Only two issues of Tad Williams's popular TechnoComics Mirror World series were ever printed--issues 0 and 1. Mirror World
laid down an imaginative alternate history for Earth worthy of such an unpredictable and original author: Just before the turn of the millennium, giant mirrors sprang up all over the world, and an army of super-sized insects poured out, capturing countless thousands and dragging them back through the mirrors into the unknown. The mirrors stuck around, and eventually some humans made the (one-way, they realized later) trip to the other side, to an Earth-like--and mysteriously superbug-less--parallel dimension. A number of these intrepid souls were souped-up "biotroopers," sent by the UN in pursuit of the giant bugs. These biotroopers were the focus of Mirror World
, and they also provide the common thread in this release.
Strangely, Williams didn't write any of the three stories in the richly illustrated Tad Williams' Mirror World. While he did hand-pick the book's authors, none is quite the equal of the talented and creative Williams. The writers clearly understand and appreciate Williams's world, though, and while not entirely polished, their efforts show enthusiasm and innovation. This book would definitely be at home on the bookshelf of any Mirror World fan, with dozens of illustrations and computer-readout-style dossiers on notable biotroopers. --Paul Hughes
From Publishers Weekly
In 1999, enormous mirrors appear around the world, creating gates into the mysterious Mirrorworld. At first the mirror-portals are two-way, allowing explorers to return at will, but then the gates within Mirrorworld itself disappear, leaving the explorers trapped. Meanwhile, giant insectoid aliens called "Bugs" begin using the mirrors to invade Earth. Thirty-seven specially bio-enhanced UN soldiers are sent through the portals to find the source of the Bugs and stop the invasion?but Mirrorworld turns out to be a mere stepping stone in an unknowable chain of planets connected by the mysterious mirrors. With no way home, the "biosoldiers" and others must band together for safety, in this setting invented by Tad Williams (Otherworld) and here sharecropped through lengthy stories by, respectively, Kreighbaum (The Eyes of God), West (The Broken Crown) and Helfers. Kreighbaum's "Mirror in Time" is a jumbled tale of a biosoldier whose lack of closure over his mother's death years ago hinders his determination to prevent two fellow soldiers from causing havoc in Mirrorworld. In Helfers's "Serpent in the Garden," a biosoldier must hunt down a fellow trooper whose enhancements have driven him insane. West's "Childhood's End," the most thoughtful piece of this generally weak trio, depicts yet another biosoldier, one whose silence harbors a grim past. These stories provide only a lackluster introduction to Williams's setting, merely hinting at wonders and mostly ignoring the much larger population of mundane folk who struggle to survive in this universe without superhuman reflexes or special training. Full-color border art throughout, plus 50 pages with full-color illustrations.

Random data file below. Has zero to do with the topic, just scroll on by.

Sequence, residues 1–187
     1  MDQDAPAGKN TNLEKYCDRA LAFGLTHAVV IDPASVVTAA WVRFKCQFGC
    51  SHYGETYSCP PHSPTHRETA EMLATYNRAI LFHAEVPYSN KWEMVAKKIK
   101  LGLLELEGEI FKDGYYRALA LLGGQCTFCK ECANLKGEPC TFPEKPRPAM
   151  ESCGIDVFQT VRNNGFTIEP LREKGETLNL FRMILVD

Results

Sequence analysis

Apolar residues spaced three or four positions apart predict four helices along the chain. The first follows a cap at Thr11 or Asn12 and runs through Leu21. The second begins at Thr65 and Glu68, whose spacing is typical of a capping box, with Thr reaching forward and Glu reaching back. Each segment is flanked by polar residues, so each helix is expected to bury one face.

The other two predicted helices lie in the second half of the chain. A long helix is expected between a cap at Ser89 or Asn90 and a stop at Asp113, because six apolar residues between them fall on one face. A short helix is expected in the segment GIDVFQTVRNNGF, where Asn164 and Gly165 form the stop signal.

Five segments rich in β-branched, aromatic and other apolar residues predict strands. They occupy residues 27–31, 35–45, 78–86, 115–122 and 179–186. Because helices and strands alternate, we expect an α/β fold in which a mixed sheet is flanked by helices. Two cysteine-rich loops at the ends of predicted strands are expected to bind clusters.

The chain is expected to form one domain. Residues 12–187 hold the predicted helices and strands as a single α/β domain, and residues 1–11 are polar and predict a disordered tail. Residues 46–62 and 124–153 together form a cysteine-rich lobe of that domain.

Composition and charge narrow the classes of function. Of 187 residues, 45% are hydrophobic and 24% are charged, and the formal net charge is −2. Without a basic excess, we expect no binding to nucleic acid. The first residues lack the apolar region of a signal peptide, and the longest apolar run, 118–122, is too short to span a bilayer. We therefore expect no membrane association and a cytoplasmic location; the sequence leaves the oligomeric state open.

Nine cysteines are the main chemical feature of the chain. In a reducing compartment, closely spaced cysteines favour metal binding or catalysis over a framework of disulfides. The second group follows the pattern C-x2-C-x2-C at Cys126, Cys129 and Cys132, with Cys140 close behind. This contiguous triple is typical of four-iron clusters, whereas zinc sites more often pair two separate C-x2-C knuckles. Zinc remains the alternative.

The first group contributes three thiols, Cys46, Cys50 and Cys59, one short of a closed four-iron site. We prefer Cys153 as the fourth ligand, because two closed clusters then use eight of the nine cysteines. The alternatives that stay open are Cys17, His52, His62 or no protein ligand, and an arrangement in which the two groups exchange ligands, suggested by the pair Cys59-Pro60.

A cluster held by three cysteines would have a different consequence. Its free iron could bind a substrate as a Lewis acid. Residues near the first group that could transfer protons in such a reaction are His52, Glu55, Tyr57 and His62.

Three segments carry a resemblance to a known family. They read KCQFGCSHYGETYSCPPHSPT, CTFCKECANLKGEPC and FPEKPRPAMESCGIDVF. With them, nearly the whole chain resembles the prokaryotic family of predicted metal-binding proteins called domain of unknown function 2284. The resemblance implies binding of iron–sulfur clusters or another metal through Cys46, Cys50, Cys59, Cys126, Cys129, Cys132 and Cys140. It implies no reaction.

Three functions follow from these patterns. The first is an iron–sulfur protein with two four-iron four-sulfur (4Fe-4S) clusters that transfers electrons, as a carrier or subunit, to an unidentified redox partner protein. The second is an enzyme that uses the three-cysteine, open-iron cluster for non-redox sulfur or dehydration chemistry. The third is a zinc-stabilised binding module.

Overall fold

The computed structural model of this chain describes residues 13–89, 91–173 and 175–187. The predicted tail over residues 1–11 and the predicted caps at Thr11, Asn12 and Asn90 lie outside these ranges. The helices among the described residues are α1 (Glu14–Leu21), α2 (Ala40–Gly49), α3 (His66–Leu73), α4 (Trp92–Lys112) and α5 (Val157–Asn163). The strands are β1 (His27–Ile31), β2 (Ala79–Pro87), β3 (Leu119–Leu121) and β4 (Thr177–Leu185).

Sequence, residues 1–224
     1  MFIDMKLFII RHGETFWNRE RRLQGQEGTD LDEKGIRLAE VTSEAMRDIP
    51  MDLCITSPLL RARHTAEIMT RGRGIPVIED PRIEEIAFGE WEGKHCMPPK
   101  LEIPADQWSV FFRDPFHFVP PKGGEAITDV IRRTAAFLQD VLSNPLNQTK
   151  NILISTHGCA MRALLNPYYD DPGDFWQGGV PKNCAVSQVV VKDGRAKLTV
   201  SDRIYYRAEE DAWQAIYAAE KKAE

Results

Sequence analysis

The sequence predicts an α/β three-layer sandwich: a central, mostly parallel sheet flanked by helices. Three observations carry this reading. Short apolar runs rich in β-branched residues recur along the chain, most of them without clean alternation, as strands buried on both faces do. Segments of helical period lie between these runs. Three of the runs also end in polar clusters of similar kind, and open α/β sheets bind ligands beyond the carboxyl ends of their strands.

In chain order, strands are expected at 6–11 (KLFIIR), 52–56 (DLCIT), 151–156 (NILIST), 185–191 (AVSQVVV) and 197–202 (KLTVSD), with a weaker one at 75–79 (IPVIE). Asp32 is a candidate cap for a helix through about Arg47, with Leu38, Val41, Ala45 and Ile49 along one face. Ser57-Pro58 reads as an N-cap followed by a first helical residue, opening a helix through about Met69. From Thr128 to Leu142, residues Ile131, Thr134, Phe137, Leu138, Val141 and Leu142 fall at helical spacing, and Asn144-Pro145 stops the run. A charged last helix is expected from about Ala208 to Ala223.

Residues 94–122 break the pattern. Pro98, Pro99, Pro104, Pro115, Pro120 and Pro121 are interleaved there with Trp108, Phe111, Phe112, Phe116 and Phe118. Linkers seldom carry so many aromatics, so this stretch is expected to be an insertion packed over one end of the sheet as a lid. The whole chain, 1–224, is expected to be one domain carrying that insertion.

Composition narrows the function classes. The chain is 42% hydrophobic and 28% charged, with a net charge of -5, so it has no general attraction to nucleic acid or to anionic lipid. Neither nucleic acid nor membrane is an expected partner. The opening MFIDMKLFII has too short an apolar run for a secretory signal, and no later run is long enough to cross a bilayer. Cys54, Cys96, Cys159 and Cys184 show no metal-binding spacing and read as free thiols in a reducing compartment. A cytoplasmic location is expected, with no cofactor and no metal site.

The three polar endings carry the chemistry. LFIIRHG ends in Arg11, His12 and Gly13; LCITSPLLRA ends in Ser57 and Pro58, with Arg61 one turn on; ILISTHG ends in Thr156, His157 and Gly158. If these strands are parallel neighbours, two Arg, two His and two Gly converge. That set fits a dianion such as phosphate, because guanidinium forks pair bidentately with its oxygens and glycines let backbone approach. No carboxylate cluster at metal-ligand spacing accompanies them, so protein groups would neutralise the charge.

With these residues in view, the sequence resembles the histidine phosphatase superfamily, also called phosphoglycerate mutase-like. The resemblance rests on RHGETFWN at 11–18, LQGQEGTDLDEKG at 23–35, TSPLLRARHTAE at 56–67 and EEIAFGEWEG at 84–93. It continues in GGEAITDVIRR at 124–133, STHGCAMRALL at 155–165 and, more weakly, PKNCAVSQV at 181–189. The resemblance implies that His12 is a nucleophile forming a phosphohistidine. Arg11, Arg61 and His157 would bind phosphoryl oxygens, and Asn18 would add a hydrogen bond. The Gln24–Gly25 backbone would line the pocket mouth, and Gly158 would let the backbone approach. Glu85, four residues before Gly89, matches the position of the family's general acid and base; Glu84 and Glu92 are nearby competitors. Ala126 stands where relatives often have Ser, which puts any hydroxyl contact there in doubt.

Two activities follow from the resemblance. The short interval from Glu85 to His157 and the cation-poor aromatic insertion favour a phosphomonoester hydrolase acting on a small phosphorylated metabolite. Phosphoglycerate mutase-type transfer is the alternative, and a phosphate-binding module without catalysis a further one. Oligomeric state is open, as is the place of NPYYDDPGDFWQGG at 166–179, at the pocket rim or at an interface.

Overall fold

Copyright 1998 Reed Business Information, Inc.